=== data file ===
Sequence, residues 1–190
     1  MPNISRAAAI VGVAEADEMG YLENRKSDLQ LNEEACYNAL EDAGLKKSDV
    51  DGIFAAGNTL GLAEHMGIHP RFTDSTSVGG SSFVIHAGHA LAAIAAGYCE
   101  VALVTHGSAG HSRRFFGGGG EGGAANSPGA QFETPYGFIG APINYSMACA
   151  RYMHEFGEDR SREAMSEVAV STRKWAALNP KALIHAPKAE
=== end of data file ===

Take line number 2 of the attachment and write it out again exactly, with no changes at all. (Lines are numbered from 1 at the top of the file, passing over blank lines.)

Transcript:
     1  MPNISRAAAI VGVAEADEMG YLENRKSDLQ LNEEACYNAL EDAGLKKSDV